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Curtain Call is rich with content, shaming its predecessor with its collection of modes and trinkets. It makes sense that Square-Enix is billing this as the last Theatrhythm game, as I doubt anyone will be wont of more. DLC is on offer, so there’s even more on the way. You almost expect the cartridge to bulge a bit with all that’s on board.

I think Curtain Call is owed a standing ovation.

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Think Pink

It’s fair to say I really like pink hair.

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Soul Sacrifice Delta

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Destiny…which isn’t a handheld game…

Soooo…what does this say about me? I’m not sure, but I’m really enjoying the option to create a female avatar, and it’s even greater when I can dye their hair such a wonderful shade.

What’s even crazier is when some designer out there feels the exact same way.

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Theatrhythm Final Fantasy: Curtain Call…just wait until I unlock Serah

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The Wonderful 101’s Queen of Rage…Wonder-Pink, ladies and gentlemen.

So as crazy as I am, at least I’m not alone.

I’m not sure of why this is, but it is a recent development. For the longest time I crafted male protagonists, it just felt expected. But eventually it got boring. 99% of what I played cast me as a man or boy, so why waste the opportunity to try something else?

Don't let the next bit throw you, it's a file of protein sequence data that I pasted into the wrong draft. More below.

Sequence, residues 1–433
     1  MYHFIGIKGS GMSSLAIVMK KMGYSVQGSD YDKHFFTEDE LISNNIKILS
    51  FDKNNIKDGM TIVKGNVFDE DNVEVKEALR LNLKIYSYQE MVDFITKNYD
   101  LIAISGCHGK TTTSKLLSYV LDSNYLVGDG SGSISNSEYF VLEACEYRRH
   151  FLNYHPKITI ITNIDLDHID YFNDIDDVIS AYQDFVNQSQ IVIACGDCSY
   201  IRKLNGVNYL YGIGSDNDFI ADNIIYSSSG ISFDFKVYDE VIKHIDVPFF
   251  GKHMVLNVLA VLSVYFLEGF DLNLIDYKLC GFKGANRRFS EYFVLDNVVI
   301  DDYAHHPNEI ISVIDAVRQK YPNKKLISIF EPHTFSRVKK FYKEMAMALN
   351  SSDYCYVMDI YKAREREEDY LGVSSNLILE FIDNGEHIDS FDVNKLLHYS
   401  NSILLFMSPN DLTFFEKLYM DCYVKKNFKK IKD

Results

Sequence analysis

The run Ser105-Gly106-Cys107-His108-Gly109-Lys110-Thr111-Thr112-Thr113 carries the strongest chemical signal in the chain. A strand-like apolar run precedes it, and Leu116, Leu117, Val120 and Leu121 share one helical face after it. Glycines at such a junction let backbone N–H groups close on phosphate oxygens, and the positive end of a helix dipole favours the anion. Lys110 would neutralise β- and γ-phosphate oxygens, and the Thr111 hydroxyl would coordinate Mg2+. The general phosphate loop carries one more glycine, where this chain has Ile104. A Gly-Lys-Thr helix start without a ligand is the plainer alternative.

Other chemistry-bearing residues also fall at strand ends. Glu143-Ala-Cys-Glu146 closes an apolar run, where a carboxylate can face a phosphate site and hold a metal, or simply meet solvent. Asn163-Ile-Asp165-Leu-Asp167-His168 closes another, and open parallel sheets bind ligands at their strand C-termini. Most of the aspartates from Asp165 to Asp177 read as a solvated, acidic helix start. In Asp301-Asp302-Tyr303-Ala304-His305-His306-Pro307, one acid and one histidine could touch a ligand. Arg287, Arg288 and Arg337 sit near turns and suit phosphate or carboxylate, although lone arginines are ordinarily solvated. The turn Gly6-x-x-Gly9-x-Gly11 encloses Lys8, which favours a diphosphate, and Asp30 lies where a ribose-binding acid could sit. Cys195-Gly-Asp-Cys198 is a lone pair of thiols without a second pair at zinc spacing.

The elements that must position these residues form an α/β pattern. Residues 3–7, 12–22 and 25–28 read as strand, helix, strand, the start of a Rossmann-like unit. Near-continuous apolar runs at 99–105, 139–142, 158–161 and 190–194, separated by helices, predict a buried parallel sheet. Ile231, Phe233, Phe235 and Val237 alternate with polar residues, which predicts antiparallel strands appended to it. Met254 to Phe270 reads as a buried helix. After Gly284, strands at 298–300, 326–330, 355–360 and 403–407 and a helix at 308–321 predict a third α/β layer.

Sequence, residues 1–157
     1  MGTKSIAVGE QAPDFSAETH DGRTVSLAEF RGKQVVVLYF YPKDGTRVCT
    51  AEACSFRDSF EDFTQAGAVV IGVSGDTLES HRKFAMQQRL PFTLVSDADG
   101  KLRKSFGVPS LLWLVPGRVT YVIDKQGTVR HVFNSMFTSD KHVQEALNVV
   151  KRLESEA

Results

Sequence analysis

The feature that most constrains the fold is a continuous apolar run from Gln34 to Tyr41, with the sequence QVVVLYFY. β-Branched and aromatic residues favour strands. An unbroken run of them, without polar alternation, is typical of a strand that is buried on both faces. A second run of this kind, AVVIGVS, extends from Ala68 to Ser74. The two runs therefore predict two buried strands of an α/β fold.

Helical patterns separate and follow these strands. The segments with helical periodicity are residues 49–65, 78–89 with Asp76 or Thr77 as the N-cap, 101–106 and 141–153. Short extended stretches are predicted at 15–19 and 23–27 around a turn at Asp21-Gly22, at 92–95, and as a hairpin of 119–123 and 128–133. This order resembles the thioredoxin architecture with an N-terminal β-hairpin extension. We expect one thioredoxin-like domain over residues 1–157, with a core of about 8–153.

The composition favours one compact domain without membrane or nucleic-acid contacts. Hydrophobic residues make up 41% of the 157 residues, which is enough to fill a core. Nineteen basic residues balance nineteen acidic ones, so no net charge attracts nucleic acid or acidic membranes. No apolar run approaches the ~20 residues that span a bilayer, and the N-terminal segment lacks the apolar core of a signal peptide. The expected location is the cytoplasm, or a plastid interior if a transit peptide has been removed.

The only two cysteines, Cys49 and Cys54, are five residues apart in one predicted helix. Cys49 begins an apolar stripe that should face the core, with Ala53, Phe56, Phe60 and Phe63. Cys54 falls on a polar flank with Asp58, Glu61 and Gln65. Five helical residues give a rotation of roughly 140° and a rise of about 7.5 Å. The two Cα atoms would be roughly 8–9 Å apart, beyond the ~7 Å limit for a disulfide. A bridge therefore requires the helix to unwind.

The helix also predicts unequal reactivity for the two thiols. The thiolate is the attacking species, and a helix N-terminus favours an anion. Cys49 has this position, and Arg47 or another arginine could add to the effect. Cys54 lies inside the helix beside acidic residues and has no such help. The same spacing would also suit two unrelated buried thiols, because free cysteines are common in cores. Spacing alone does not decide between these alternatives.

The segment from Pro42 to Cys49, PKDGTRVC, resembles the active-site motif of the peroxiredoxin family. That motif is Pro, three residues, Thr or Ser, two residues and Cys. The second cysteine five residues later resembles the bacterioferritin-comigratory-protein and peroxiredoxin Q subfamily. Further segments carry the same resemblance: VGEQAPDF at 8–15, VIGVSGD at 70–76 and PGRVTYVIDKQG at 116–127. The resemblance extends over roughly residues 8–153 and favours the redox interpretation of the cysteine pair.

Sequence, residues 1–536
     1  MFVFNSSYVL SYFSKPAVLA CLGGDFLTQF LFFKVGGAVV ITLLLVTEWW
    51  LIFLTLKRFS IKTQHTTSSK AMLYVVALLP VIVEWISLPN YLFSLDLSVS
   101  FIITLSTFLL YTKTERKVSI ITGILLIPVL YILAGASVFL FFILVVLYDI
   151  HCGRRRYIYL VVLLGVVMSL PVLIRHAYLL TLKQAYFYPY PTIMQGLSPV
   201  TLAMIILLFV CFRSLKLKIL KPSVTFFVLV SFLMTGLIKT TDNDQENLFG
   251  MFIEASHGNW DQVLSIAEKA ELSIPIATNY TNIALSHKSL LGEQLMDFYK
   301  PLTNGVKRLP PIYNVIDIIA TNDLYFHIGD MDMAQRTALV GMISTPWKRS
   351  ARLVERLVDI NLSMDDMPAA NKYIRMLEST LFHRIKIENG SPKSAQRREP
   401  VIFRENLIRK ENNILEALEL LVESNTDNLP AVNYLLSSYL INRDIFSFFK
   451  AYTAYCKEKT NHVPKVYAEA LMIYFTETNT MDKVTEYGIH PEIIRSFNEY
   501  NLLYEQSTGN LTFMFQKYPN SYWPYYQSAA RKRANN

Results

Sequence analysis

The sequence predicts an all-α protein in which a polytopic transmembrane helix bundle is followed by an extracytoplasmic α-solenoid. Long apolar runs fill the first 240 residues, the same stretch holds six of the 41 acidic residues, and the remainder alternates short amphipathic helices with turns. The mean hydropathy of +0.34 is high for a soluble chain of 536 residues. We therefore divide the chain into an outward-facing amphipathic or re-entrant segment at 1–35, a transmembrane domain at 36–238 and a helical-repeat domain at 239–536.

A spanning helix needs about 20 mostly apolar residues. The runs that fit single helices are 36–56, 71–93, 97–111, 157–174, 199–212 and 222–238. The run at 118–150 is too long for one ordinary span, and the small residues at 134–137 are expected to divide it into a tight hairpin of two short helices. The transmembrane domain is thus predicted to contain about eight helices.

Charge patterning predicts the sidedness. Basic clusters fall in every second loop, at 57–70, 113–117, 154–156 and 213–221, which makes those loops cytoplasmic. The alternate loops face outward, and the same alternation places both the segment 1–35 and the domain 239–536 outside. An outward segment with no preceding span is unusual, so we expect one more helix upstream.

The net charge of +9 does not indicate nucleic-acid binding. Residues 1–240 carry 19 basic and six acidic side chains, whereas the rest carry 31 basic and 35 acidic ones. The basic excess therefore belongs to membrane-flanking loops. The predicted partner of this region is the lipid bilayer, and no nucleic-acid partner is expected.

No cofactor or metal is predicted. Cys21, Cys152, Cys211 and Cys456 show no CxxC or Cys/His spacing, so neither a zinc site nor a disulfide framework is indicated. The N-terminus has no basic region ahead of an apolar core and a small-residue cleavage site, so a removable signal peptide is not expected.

Another reason is my daughters. It wasn’t until I had them in my life that I realized how underrepresented they are in media (well, positively at least). Coraline, Kiki’s Delivery Service, and Spirited Away are my oldest’s favourite films, and should she see the games I’m playing, I want her to see a strong woman there too.

Surge Protector! (Azure Striker Gunvolt & Mighty Gunvolt – 3DS – Preview)

Azure Striker Gunvolt isn’t the run and gun shooter I expected. As I discovered how much more meticulous it was, it dawned on me how appropriate a response Gunvolt is to the race of filling Mega Man‘s shoes. Inti Creates’ own Mighty No.9 is fulfilling that need, so why put out more of the same?
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The difference is clear upon the discovery of just how weak your pistol is. Instead of a weapon, the true purpose of Gunvolt’s handgun is as a marker. By shooting an enemy, a reticule is placed upon them and they’ve now been set as a target. Our pony-tailed protagonist’s true strength takes advantage of the situation, as Gunvolt is able to attack these targets using his Flashfield. As a circle of electricity surrounds him, bolts shoot out independently to destroy the enemies. While I’ve only played for an hour or so, in these early moments I’ve already seen some creative enemy designs that required me to make careful use of this power.